After I ate lunch like a boss, I was drowsy. I did the only thing that made sense – I took a nap like a boss. Then I sat down at the keyboard and pounded out this blog like a boss.
Popular expressions come and go. Some of them are thunderstorms that pop up suddenly, engulf a region, then disappear. Many of those expressions deserve to disappear. Those that stay are often like mosquito swarms that annoy everyone and refuse to go away. Nobody really likes them, but you don’t want to be the only one not swatting the mosquito.
Cleverness or charm has nothing to do with an idiom’s shelf life. Dreadful little word clumps sometimes last for generations, outliving the originators, inflicting pain on millions of innocents. The origin and meaning of the phrase are lost or twisted beyond recognition, but still it refuses to die, and there’s no lifeline to unplug.
I find “like a boss” to be perplexing. The context in which most people use it imply it’s a good thing, a compliment. Yet I also find that most people talk negatively about their bosses more so than positively. People might say, “I knocked out those chores like a boss.” But based on experience, it seems to me people ought to be saying things like, “I screwed up my tax return like a boss.”
For those of you who are some sort of boss, I’m sure your minions say only nice things about you. I’m sure it’s other bosses who give the term a bad name. But since “boss” tends to conjure negative reactions, I wonder who gave birth to this expression, and how it became so popular. Of course, modern technology with the internet, the Twitterverse, Instachat, Snapgram, and Facepalm, can spread something faster than malaria. We all become infected before we realize the mosquito is there.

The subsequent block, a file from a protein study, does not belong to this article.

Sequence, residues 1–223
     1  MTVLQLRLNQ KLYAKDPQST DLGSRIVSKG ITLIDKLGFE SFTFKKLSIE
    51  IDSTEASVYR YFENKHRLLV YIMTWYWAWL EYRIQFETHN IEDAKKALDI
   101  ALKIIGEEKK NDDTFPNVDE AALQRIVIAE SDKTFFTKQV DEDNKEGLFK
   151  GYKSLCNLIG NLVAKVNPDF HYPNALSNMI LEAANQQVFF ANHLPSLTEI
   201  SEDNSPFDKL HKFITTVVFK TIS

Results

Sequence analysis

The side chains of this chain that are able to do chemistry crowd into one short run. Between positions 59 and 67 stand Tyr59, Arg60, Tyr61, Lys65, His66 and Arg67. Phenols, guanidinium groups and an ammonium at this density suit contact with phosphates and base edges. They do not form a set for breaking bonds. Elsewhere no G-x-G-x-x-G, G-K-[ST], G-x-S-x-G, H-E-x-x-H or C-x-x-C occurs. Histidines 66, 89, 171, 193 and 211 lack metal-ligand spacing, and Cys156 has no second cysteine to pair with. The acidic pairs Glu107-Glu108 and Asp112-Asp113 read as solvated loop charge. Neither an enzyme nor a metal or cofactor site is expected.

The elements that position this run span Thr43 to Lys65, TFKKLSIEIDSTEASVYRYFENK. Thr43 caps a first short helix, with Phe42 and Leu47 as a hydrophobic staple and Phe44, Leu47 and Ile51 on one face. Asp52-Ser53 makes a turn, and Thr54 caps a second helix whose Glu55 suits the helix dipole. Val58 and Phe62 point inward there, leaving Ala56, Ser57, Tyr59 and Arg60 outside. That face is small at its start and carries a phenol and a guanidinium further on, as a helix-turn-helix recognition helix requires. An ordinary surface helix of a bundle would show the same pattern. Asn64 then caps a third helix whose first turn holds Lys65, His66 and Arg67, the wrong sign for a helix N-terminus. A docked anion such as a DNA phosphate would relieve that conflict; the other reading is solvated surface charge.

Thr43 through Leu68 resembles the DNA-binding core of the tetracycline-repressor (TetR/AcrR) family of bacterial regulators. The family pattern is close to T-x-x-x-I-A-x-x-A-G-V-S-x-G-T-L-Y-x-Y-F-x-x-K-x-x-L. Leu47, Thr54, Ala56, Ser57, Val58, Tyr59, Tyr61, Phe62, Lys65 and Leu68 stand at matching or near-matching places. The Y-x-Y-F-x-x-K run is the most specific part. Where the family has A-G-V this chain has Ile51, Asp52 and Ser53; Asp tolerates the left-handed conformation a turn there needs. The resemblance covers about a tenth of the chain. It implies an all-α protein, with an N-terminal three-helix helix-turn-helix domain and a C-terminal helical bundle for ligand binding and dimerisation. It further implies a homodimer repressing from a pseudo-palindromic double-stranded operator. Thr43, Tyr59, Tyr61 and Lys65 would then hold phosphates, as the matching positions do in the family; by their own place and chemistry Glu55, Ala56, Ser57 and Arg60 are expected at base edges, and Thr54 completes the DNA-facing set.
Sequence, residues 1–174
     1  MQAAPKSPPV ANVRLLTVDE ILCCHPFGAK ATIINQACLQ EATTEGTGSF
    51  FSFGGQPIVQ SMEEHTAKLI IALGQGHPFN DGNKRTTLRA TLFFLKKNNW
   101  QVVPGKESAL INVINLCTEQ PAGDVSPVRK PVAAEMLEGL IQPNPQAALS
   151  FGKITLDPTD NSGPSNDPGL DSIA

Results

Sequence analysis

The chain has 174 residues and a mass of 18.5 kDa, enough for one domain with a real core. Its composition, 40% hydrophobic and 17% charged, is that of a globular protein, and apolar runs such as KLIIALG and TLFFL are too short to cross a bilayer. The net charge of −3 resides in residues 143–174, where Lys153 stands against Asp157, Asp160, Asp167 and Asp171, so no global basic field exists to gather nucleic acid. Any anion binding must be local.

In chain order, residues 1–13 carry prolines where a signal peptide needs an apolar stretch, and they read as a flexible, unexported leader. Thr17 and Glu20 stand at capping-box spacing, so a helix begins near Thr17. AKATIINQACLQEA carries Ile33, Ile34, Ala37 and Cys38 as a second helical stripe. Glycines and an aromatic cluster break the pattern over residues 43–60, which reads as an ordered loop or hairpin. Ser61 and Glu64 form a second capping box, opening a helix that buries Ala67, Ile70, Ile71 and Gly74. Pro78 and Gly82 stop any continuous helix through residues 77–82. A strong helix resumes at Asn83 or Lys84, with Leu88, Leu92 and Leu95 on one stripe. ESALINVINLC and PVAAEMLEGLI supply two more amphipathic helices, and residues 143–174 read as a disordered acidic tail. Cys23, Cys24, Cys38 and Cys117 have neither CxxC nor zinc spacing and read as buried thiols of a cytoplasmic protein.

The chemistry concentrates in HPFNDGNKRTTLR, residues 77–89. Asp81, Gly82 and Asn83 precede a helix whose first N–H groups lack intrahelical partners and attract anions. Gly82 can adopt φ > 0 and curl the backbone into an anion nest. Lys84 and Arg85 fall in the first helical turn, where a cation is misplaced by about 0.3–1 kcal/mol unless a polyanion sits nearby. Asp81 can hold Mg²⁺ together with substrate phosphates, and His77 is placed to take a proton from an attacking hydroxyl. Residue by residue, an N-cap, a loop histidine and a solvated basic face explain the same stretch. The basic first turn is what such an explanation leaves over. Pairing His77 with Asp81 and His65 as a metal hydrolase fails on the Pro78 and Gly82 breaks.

The one thing technology never seems to do, though, is spread the cure.
In most organizations, the real work is done by the common people, not the boss. It’s the unsung lackey, the flunky, the vassal, who should be admired and praised. The underlings of the world keep it turning, not the bosses.
Who’s in? Who wants to slay the like-a-boss beast? It’s easy. Next time, and every time, you find yourself about to say “like a boss,” bite your tongue. Well, not really. I mean figuratively. And replace it with something that really makes sense. That is true to the real world. That raises our brothers and sisters who are the backbone of the world.
Say, “I did that like a lackey.”
Then tweet it. Chat it. Snap it. Gram it all over the universe. You’ll be doing your part to drive a stake through the heart of “like a boss.”
Like a lackey.
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